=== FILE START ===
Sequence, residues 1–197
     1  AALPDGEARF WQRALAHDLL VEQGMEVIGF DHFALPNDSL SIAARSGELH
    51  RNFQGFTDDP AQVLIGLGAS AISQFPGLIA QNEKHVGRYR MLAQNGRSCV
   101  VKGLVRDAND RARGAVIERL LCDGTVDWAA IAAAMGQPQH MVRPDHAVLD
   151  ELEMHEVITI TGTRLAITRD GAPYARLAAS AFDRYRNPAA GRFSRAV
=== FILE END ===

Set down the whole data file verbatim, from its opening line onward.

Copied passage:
Sequence, residues 1–197
     1  AALPDGEARF WQRALAHDLL VEQGMEVIGF DHFALPNDSL SIAARSGELH
    51  RNFQGFTDDP AQVLIGLGAS AISQFPGLIA QNEKHVGRYR MLAQNGRSCV
   101  VKGLVRDAND RARGAVIERL LCDGTVDWAA IAAAMGQPQH MVRPDHAVLD
   151  ELEMHEVITI TGTRLAITRD GAPYARLAAS AFDRYRNPAA GRFSRAV